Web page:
The Pygmy Lorikeet (Charmosyna wilhelminae) – also known as Wilhemina’s Lorikeet – is endemic to the South-east New Guinea, Western New Guinea and East Huon Peninsula. It is listed as endangered (Cites II) in its natural habitat.
The Pygmy Lorikeets are tiny birds, averaging 5 inches (13 cm) in length (including tail) and 0.7 ounces (20 grams) in weight.
The male has a purple/brown crown and nape; the nape being streaked with blue. The hindneck has an olive wash and they have a red lower back. The rump is dark purple/blue and the breast is streaked with yellow. The underwing coverts are red. There is a red stripe under the wing. The tail is green tipped with yellow, with red at the base of side feathers. They have an orange bill and orange/red eyes.
Females have green lower backs and underwing coverts. They lack the red underwing stripe of the males.
Immature birds look like adults, but have little or no streaking on the breast or nape. Males have red underwing coverts and the red stripes under the wings – however, their lower back is purple. They have brown bills and eyes.
Pygmy Lories as Pets or Aviary Birds:
Pygmy Lories are rare in captivity and therefore not inexpensive when they are available. It is best if they are placed into a well-managed breeding program with someone who is experienced caring for lories.
These lories are sensitive to climatic extremes and changes and should be carefully acclimatized to local climate conditions (of course, that is simplified if a bird comes from a local breeder). It will need a heated shelter for the colder times of the year (especially in the northern areas). Due to their messy eating habits (that they share with all lories), strict hygiene is recommended to avoid disease situations. An enclosure with a well-drained floor, suspended over concrete base, or a planted aviary (minimum dimensions: 4 ft / 1.2m long) is recommended. If they are kept indoors, easy-to-clean tiles are the best choice for both the floor and walls. If you can, provide bird-safe / untreated branches with blossoms so the lories may benefit from the natural pollen and nectar.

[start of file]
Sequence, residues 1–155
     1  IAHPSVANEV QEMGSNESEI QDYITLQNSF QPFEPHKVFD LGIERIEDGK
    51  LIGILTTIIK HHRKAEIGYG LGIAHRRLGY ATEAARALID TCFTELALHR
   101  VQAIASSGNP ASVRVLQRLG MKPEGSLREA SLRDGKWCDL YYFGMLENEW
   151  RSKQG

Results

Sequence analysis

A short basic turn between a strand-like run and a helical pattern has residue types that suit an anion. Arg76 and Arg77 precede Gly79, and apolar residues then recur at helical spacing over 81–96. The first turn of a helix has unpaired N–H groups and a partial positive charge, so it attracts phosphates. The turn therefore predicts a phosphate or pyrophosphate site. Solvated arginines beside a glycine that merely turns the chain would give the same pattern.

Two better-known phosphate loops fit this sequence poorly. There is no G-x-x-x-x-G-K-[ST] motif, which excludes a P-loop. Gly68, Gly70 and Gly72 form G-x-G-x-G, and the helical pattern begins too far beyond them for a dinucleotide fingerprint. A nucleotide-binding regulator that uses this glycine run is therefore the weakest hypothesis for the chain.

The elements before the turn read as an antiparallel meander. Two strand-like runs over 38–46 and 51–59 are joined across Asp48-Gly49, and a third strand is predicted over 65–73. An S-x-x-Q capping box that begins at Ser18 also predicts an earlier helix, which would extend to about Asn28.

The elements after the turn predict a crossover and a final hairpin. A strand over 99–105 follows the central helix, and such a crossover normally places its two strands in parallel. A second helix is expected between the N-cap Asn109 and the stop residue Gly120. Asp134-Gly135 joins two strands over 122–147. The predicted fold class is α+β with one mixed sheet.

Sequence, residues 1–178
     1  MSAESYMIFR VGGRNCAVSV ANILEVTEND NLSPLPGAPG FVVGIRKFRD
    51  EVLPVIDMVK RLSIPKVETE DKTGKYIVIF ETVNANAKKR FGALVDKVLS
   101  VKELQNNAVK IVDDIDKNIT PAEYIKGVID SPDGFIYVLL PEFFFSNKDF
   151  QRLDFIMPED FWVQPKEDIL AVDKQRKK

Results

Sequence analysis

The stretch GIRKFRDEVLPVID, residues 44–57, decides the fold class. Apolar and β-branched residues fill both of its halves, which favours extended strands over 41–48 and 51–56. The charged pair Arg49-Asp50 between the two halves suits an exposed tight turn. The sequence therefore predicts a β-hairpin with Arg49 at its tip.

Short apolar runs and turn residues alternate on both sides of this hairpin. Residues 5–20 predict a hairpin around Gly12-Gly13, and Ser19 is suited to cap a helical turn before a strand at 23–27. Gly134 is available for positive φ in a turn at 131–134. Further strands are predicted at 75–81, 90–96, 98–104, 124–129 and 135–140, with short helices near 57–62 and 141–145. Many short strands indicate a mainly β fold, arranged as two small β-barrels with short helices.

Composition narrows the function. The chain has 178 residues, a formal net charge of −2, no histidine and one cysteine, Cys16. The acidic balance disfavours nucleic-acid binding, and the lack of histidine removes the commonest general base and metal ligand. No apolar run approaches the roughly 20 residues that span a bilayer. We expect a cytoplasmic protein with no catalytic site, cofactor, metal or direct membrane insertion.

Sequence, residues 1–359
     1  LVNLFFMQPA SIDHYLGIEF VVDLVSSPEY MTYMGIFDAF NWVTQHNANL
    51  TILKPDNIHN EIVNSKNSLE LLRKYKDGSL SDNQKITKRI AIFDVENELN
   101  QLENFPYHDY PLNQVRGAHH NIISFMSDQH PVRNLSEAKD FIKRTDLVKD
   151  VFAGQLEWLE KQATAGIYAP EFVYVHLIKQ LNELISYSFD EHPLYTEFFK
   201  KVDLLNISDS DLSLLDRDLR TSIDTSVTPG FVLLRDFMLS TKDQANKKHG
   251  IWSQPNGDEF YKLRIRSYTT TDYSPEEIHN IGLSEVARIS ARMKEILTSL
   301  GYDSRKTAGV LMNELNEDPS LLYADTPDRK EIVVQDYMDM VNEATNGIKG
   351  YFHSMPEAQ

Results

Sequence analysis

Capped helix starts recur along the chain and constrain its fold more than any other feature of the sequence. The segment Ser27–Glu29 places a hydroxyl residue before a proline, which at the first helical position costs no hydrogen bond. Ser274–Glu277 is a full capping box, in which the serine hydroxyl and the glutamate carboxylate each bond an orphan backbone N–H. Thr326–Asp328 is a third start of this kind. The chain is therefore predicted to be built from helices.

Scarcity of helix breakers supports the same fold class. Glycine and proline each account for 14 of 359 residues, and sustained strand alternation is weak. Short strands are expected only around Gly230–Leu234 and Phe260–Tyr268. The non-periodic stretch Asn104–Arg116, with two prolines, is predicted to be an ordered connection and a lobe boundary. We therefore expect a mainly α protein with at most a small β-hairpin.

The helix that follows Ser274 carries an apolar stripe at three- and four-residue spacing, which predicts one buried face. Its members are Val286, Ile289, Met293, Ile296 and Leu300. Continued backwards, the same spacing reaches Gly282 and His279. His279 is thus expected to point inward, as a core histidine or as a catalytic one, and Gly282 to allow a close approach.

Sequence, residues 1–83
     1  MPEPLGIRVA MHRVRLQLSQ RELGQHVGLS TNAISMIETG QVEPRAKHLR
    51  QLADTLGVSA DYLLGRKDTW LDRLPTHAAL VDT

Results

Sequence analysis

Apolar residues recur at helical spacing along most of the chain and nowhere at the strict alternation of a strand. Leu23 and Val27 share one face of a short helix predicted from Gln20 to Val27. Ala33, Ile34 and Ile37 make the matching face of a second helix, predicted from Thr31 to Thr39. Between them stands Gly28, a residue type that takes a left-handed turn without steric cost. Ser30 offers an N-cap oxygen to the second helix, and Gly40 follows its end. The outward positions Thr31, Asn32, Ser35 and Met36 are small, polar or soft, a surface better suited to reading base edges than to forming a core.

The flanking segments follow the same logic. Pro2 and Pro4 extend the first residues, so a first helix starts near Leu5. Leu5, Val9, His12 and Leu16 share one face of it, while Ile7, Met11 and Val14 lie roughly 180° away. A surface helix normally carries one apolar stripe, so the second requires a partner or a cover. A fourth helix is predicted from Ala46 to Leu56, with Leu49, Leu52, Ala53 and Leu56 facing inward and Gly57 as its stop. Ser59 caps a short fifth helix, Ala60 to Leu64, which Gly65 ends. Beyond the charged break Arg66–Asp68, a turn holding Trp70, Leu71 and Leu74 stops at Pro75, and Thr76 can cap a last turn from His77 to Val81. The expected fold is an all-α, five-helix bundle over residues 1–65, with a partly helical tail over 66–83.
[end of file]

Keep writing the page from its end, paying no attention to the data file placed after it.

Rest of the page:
Shallow dishes for daily bathing should be made available. Its mainly “sticky” diet make it especially important for this parrot to be able to wash any sugary liquids off its plumage.
The average clutch size may consist of 2 eggs that are incubated for about 23 days. The young fledge when they are about 7 weeks old.
Lories as Pets or in Aviculture:
Due to their endangered status, any suitable specimen that cannot be released back into their natural habitat (native range) should preferably be placed into a well-managed breeding program to ensure the continued survival of this species.
Calls / Vocalizations
The Pygmy Lorikeets are generally considered to be very quiet. They do have high-pitched calls, less shrill than that of other lorikeets, but still irritating to some individuals. Their voice ranges from loud, piercing whistles and metallic “pings” to soft, high-pitched warbles and chattering.
Other Relevant Web Resources
- Photos of the Different Lory Species for Identification … Listing of Species
- Distribution Maps of Lories and Lorikeets
- Lories and Lorikeets in Aviculture
- Feeding and Housing Your Lories and Lorikeets
- Diseases of Lories / Lorikeets and Health Care Program
- Special Challenges of Lories and Lorikeets: Training and Behavioral Guidance
Genus: Scientific: Charmosyna … English: Honey Lorikeets … Dutch: Honingpapegaaien … German: Zierloris … French: Loriquet de miele
Species: Scientific: Charmosyna wilhelminae aka Hypocharmosyna wilhelminae … English: Wilhelmina’s Lorikeet … Dutch: Wilhelmina’s Lori … German: Wilhelminenlori … French: Loriquet de Wilhelminae